Sunday, March 8, 2009

March 8: Soundgarden, "Superunknown"

Artist: Soundgarden
Album: Superunknown
Year: 1994
Label: A & M


Both before and after Nirvana, there was one band that defined the true "Seattle sound." Taking heavy influences from Black Sabbath, Led Zeppelin, and a host of other metal and punk bands, then glazing over it with a good measure of anger and angst, Soundgarden remain one of the most powerful bands in history. Though they never made a bad album in their seventeen-year career, their 1994 opus, Superunknown, presents the band in perfect form.

When Superunknown first his record shelves, long-time fans were shocked as the band seemed to have completely changed their image. They had...CUT THEIR HAIR!!! At the time, it was hard to envision ANY "grunge" band being able to keep their "street cred" without long hair to headbang. However, the album was so solid that the world forgave them for this unexpected faux-pas. Superunknown takes the high speed, grungy-heavy-rock sound that the band had been playing for a decade and perfected it. The in-song tempo changes are still there, yet the band as a whole seems more together than they had ever been on a studio recording. In many ways, Soundgarden was the metal bands for fans who hated the normal, predictable lyrics (read as "alcohol and women") and sound of the genre.

As a group, Soundgarden had an amazing talent for turning everything "up to eleven," and somehow molding overwhelming noise into amazing musical textures. Walking the line between heavy metal, punk, and rock, they created some of the most crushing songs around. The driving, wailing guitar of Kim Thayil embodies everything that is great about hard rock. Steady to the point where he almost falls by the wayside is the well traveled Matt Cameron. Whether drumming with Pearl Jam, Temple Of The Dog, Soundgarden, or many other bands, Cameron remains one of the most well respected drummers of the past two decades. Obviously, one of the high points musically is the spoon solo by Artis (the spoonman) on the mega-hit "Spoonman." The fact that this seemingly out of place instrument blends in flawlessly with the rest of the music is a testament to just how great a group there was in Soundgarden.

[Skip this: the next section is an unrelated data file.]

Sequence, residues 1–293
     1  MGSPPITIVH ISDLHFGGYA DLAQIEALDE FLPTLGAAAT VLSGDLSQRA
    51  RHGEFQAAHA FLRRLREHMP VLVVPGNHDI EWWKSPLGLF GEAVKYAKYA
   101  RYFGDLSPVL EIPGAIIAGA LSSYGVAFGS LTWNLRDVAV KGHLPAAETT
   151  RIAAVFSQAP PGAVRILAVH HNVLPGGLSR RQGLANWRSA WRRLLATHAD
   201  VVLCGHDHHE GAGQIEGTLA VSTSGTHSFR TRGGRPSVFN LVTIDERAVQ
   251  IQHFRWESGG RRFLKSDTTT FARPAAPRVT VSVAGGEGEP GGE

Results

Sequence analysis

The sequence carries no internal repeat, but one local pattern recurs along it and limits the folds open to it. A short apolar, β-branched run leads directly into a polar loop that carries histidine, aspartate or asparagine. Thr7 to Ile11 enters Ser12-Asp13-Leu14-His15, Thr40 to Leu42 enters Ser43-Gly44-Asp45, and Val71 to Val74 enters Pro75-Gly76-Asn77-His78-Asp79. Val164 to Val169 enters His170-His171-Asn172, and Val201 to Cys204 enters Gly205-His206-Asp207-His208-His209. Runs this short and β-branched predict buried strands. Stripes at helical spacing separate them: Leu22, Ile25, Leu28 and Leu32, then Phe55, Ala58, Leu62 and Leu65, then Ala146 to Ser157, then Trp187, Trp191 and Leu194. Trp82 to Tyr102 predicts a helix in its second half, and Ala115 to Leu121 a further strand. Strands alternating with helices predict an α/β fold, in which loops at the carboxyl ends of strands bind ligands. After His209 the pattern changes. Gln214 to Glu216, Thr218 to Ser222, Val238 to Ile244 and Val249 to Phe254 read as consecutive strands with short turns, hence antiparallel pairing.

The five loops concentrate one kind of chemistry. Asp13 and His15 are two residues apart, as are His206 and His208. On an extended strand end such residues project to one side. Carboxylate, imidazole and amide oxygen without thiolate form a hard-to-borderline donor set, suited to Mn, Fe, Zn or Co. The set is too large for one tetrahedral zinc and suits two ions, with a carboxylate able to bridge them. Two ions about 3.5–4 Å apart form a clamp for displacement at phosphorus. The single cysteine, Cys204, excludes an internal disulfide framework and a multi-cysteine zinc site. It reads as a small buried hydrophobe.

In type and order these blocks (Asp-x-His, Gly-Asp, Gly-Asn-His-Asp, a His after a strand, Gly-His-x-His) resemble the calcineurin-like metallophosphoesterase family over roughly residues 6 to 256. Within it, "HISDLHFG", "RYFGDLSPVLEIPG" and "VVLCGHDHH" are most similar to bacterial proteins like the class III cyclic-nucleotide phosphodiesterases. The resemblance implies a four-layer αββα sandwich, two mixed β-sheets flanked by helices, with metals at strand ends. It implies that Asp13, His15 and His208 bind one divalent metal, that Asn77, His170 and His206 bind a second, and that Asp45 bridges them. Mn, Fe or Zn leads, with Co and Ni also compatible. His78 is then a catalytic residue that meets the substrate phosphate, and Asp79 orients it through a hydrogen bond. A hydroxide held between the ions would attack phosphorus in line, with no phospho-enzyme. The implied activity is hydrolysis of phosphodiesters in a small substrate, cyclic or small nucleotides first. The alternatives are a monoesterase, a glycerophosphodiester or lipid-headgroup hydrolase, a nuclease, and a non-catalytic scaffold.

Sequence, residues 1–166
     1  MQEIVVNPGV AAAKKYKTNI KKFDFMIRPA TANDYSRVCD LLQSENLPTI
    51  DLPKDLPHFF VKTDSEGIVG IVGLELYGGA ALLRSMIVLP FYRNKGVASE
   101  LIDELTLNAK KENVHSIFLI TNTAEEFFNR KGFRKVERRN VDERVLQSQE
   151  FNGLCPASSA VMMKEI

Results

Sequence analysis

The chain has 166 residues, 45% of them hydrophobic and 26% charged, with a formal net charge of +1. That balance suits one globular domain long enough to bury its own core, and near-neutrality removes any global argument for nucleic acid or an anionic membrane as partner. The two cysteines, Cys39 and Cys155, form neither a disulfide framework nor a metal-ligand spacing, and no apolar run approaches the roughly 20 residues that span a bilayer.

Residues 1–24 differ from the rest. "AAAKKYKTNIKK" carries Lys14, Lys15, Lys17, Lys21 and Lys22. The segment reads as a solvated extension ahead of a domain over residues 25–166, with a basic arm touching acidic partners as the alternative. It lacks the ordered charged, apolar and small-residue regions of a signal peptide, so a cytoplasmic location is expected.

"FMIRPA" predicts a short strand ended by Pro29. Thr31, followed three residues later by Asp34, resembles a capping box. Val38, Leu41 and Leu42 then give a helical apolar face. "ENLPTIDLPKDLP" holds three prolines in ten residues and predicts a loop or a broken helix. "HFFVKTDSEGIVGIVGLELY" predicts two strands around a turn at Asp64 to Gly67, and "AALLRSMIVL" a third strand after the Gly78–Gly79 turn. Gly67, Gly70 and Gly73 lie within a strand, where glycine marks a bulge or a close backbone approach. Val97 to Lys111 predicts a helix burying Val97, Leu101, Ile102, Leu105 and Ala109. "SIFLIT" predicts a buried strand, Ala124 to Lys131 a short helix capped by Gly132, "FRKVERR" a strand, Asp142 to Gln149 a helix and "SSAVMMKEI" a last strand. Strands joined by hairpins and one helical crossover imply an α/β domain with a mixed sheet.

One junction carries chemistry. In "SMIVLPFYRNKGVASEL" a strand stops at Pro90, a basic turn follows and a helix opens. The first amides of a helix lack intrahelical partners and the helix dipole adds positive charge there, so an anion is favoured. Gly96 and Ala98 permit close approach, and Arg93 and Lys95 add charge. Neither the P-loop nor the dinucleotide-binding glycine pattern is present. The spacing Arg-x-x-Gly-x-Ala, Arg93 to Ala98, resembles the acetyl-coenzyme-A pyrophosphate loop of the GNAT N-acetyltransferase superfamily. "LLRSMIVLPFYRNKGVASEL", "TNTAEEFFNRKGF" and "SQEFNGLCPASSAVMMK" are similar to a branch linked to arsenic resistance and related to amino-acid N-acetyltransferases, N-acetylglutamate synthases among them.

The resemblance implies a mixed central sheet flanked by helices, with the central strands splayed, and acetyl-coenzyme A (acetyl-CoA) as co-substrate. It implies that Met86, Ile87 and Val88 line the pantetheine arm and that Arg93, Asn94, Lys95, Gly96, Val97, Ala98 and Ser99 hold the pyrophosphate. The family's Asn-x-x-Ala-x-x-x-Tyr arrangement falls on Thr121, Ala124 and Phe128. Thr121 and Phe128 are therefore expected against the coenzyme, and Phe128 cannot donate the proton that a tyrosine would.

When it comes to singers with unmistakable voices, most of the Seattle "grunge" singers are high on the list. Along with Eddie Vedder, Layne Staley, and Kurt Cobain, one must note the elder statesman of the Seattle vocal scene, Chris Cornell. With what seems like an endless vocal range, Cornell shifts from singing to pseudo-screaming in the same note. The energy and soul behind his vocals are second to none. Cornell's vocals are mixed perfectly, at the front of the music, and they are able to float atop the organized musical chaos behind him. Lyrically, Superunknown contains one of Cornell's most soul-bearing songs ever in "Like Suicide" (a solo, acoustic version of the song can be found on the soundtrack to the movie S.F.W.)

The "grunge" explosion of the mid-1990's catapulted a handful of bands into the musical stratosphere. While Nirvana and Pearl Jam ruled as Kings, the fact was, Alice In Chains and Soundgarden had paved the way and shown them the ropes. To this point, you can see cameos from both groups in the film Singles. Taking heavy metal styles and polishing it to a more accessible gleam, Soundgarden remain one of the most important bands in music history. Their 1994 release, Superunknown is as good as hard rock gets and should not be missed!



Standout tracks: "My Wave," "Spoonman," and "The Day I Tried To Live."

1 comment:

CasCbus said...

I wasn't sure about this album when I first got it. I loved Badmotorfinger, but this one took a little to grow on me. It definitely became a staple of my collection.